Very few professionals can look back at the end of the day, the end of the month or the end of the quarter and see clear, tangible results. When you achieve success in sales, there’s no fuzziness about it. You know when you win and you know when you lose. There is no grey area in between.
Process excellence… inject science into the art of selling.
Standards and process permeate nearly every functional area in business, from accounting, finance and operations to IT, human resources and now, even marketing. And for good reason. Processes and standards enable management to control the controllable so they can focus attention and resources on the more difficult issues that stagnate sales and revenue and disappoint shareholders. Standard process drives predictability, consistency and efficiency, and when properly integrated across the organization, radically improves sales performance.
Despite the tremendous benefits that standards and process can deliver, sales organizations have been much slower than other disciplines to move down this path.
Imagine how much better sales managers could manage if they had consistent, objective criteria to evaluate the status of opportunities and accounts in each sales rep’s funnel.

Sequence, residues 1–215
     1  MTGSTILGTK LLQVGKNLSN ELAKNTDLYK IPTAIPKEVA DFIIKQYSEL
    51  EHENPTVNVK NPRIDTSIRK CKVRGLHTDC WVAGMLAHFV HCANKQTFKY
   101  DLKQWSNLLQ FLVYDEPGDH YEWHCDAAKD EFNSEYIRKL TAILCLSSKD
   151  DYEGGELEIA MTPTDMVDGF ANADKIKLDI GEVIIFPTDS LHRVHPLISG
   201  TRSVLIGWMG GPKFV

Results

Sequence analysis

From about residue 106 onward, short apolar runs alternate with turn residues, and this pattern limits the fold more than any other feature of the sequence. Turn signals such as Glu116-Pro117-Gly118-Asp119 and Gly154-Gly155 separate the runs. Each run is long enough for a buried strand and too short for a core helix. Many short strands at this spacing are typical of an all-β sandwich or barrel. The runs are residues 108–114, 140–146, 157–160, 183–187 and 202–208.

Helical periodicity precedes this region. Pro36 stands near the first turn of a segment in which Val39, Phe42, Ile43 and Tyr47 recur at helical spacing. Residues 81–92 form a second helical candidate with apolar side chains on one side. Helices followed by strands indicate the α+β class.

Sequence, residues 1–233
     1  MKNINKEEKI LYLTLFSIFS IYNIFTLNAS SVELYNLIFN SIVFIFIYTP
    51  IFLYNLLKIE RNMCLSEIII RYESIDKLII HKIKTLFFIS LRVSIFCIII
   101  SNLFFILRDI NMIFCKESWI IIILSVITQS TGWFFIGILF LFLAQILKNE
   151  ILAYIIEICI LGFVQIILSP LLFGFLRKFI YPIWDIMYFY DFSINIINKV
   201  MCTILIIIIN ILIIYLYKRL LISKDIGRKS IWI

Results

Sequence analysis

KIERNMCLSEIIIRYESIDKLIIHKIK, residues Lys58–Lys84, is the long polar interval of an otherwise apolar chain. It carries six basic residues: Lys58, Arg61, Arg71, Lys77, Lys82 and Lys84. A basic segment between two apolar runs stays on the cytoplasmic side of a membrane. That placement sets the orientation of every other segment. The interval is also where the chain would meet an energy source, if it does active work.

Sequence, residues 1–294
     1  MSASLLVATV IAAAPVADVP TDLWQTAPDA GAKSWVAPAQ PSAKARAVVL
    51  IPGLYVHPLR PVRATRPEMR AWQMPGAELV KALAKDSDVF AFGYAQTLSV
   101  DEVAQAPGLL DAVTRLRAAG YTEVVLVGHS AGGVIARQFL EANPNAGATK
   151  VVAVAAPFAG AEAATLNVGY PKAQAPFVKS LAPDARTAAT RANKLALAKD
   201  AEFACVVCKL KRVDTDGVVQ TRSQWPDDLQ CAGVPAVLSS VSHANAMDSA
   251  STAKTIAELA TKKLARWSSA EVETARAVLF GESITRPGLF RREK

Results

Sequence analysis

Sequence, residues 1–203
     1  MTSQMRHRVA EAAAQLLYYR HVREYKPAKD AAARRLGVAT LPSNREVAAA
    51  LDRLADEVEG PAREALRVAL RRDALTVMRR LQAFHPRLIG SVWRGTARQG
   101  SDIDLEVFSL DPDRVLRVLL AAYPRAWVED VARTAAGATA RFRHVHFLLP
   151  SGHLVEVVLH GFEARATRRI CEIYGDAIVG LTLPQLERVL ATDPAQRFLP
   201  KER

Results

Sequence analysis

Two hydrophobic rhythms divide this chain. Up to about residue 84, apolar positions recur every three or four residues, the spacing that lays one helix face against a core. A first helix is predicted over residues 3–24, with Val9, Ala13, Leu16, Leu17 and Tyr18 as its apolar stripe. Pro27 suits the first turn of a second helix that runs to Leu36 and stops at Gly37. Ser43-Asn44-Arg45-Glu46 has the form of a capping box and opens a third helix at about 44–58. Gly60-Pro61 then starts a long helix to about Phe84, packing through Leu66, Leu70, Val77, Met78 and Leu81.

Or imagine how much more efficiently account teams could collaborate on large deals if they used a common language. And how much better a CEO
would sleep at night if he knew his sales force had a consistent professional approach to interacting with customers! An improvement in these factors helps drive revenue predictability, reduces cost of sales and increases sales force productivity—all critical business objectives.
Results clearly show that world-class sales organisations take a much more scientific approach to selling and sales management than others. While there will always be a certain art to selling, it’s an increasingly sophisticated business world. World-class sales organizations prove that sales process excellence creates a significant competitive advantage. However, the transition from “art” to “science” is not easy. It requires a sound foundation, strong commitment and precise coordination for widespread cultural adoption. That’s the challenge.